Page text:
- Ten days after Quelling the Coup: Where is Turkey Headed? | Tuesday, July 26th | 11:30 AM | The Atlantic Council | Click HERE to RSVP | Last week’s failed coup attempt in Turkey has raised serious questions about Turkey’s domestic political and security situation. The immediate aftermath of last weekend’s events will have significant implications for a range of Western interests, from the fight against ISIS to EU membership to Turkey’s role in the Middle East. To what extent did the attempted coup indicate an irreparable rift in the Turkish armed forces? How will the United States manage the fragile Turkish relationship in light of accusations of an American role in the plot and demands for extraditing Fethullah Gulen? How far will President Erdogan go to purge government institutions and how will this impact the country’s political and economic future? A conversation with: Elmira Bayrasli, Visiting Fellow at the New America Foundation, and Steven A. Cook, Eni Enrico Mattei Senior Fellow for Middle East and Africa Studies at the Council on Foreign Relations. The discussion will be moderated by Aaron Stein, Senior Resident Fellow, Rafik Hariri Center for the Middle East at the Atlantic Council, and an introduction by Ambassador Frederic C. Hof, Director of the Rafik Hariri Center for the Middle East at the Atlantic Council.
- Israel and Hezbollah: The Prospect of Renewed Hostilities Ten Years after War | Tuesday, July 26th | 11:45 AM – 1:30 PM |Hudson Institute | Click HERE to RSVP | On July 12, 2006, the Iranian-backed Lebanese terrorist group Hezbollah ambushed an Israel Defense Force patrol near the Lebanese border. Three IDF soldiers were killed on the spot and another two were taken hostage. Israel retaliated by bombing the Beirut airport and other key targets. Thus began what Israel refers to as the Second Lebanon War, a conflict that lasted 34 days and set the stage for much of what has happened in the Levant over the last ten years. Israel quietly secured the Israel-Lebanon border, and Hezbollah pivoted to fight in Syria. Ten years later, both sides face circumstances similar to those that led to war a decade ago. In recent years, Iran has dramatically increased Hezbollah’s weaponry capabilities by supplying Russian-made “Kornet” missiles, surface-to-air missile defense systems, and surface-to-ship cruise missiles. Israel’s concerns are compounded by Tehran’s increasingly assertive regional posture and ballistic missile tests conducted since signing the nuclear agreement. Hezbollah is still Iran’s most impressive export, but it is hemorrhaging fighters in Syria to a sectarian war in which it is outnumbered eight to one. Many throughout the Middle East and in the West believe that regional tensions and hot spots will necessarily drive Israel and Hezbollah to resume hostilities. On July 26, Hudson Institute will host a timely panel on the 2006 Israel-Hezbollah War and the prospect of resumed conflict. Panelists include Deputy Head of Mission at the Embassy of Israel Reuven Azar, Hudson Senior Fellow Michael Doran, and Foundation for Defense of Democracies Research Fellow Tony Badran. Hudson Senior Fellow Lee Smith will moderate the conversation.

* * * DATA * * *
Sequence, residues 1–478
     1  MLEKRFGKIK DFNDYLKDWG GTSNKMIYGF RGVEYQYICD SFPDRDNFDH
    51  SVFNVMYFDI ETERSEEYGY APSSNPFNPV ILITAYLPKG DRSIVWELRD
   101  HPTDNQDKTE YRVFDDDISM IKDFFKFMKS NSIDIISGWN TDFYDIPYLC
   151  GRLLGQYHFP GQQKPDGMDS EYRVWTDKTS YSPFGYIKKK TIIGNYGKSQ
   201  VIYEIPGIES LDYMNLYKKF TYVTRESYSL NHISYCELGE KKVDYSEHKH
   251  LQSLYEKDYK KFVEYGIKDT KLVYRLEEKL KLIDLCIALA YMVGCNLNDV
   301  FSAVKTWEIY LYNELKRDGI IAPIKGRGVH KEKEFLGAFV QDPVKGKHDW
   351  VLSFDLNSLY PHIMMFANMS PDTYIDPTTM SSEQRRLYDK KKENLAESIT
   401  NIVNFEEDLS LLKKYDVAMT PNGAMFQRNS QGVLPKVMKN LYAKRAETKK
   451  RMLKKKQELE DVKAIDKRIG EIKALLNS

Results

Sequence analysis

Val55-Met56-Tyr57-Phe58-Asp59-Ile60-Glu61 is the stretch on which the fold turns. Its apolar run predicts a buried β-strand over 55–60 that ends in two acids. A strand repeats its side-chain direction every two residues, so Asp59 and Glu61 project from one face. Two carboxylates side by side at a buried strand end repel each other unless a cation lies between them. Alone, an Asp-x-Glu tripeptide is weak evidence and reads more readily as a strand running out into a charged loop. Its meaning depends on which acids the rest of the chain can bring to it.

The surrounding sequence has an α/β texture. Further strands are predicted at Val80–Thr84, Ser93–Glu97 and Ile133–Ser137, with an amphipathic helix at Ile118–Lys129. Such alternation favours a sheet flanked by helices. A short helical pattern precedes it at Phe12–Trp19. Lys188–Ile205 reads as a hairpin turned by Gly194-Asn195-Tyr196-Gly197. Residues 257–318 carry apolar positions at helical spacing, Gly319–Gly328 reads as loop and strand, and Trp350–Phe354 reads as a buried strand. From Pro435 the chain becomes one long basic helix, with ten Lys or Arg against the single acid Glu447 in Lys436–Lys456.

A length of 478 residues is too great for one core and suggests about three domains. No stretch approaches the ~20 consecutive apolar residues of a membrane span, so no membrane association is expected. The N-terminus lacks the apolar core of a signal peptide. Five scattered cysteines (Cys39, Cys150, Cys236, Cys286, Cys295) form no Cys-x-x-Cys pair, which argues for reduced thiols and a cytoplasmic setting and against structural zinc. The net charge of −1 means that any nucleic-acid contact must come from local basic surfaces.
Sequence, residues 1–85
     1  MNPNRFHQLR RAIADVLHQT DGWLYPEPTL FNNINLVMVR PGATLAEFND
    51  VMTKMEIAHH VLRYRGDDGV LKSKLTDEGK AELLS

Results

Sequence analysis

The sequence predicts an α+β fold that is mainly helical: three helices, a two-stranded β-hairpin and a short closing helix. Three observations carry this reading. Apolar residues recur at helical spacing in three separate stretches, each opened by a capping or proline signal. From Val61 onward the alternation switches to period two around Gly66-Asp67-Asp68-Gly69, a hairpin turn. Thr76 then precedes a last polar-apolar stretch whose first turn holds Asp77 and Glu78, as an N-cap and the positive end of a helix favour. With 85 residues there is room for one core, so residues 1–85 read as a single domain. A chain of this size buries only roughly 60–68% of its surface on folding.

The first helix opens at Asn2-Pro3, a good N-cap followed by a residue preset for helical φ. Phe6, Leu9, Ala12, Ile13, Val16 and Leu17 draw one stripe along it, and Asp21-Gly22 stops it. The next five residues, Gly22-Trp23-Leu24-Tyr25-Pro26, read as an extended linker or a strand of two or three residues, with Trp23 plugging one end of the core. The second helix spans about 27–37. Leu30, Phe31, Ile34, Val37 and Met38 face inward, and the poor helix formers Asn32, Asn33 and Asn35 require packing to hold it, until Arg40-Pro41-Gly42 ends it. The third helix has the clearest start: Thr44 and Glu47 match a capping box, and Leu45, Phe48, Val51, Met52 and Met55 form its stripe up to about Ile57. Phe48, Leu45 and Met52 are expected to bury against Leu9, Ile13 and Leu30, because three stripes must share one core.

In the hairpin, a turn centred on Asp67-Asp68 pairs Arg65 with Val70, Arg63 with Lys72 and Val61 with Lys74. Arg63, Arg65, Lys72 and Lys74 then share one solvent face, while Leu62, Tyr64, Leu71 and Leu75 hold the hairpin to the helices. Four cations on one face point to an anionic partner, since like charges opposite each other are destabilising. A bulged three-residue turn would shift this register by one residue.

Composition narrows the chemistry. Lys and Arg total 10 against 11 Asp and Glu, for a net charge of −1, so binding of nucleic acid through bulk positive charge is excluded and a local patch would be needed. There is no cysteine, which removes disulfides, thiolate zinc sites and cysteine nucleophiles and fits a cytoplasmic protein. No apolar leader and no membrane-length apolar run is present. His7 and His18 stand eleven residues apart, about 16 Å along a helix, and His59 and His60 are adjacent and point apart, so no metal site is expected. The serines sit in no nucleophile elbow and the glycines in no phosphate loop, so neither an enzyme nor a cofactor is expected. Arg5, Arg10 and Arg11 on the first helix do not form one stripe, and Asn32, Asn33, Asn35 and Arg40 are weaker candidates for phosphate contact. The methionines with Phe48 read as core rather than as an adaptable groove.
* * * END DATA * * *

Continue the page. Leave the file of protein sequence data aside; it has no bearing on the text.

- Will North America become the next Saudi Arabia? | Tuesday, July 26th | 12:00 PM – 1:15 PM | New America Foundation | Click HERE to RSVP | Not long ago Washington policymakers spent a great deal of time bemoaning our ever increasing dependence on foreign (especially, alas, Middle Eastern) oil. Rarely has such pessimistic groupthink proven so misguided. North America is blessed with a number of comparative advantages when it comes to producing energy at a low cost, and Canada’s increased oil production, innovation in alternative energy research, Mexico’s historic energy reforms, and the shale revolution across the region have only accentuated North America’s potential to become the world’s dominant energy superpower. On the heels of the North American Leaders Summit, Future Tense and the Wilson Center’s Canada Institute invite you to join them for a conversation on what it will take for North America to fulfill its energy potential. People tend to obsess over the monthly gyrations of oil prices and the latest regulatory battle over shale or pipeline-building, but we want to look forward to 2050. With the new North American Climate, Energy, and Environment Partnership what concerted steps should Canada, Mexico, and the United States be taking to ensure that North America will become the world’s leading energy power for generations? And how can this region lead the world not only in output and economic growth, but also in setting new standards of environmental responsibility and sustainability? Panelists include: Hector Moreira, Director of Energy Model for Mexico Initiative at Arizona State University and Commissioner, Mexican National Commission of Hydrocarbons, and Former Under Secretary of Energy of Mexico; Laura Dawson, Director of the Canada Institute at the Wilson Center and Former Senior Advisor on economic affairs at the United States Embassy in Ottawa; and Sharon Burke, Senior Advisor for International Security and Resource Security at New America and Former Assistant Secretary of Defense for Operational Energy.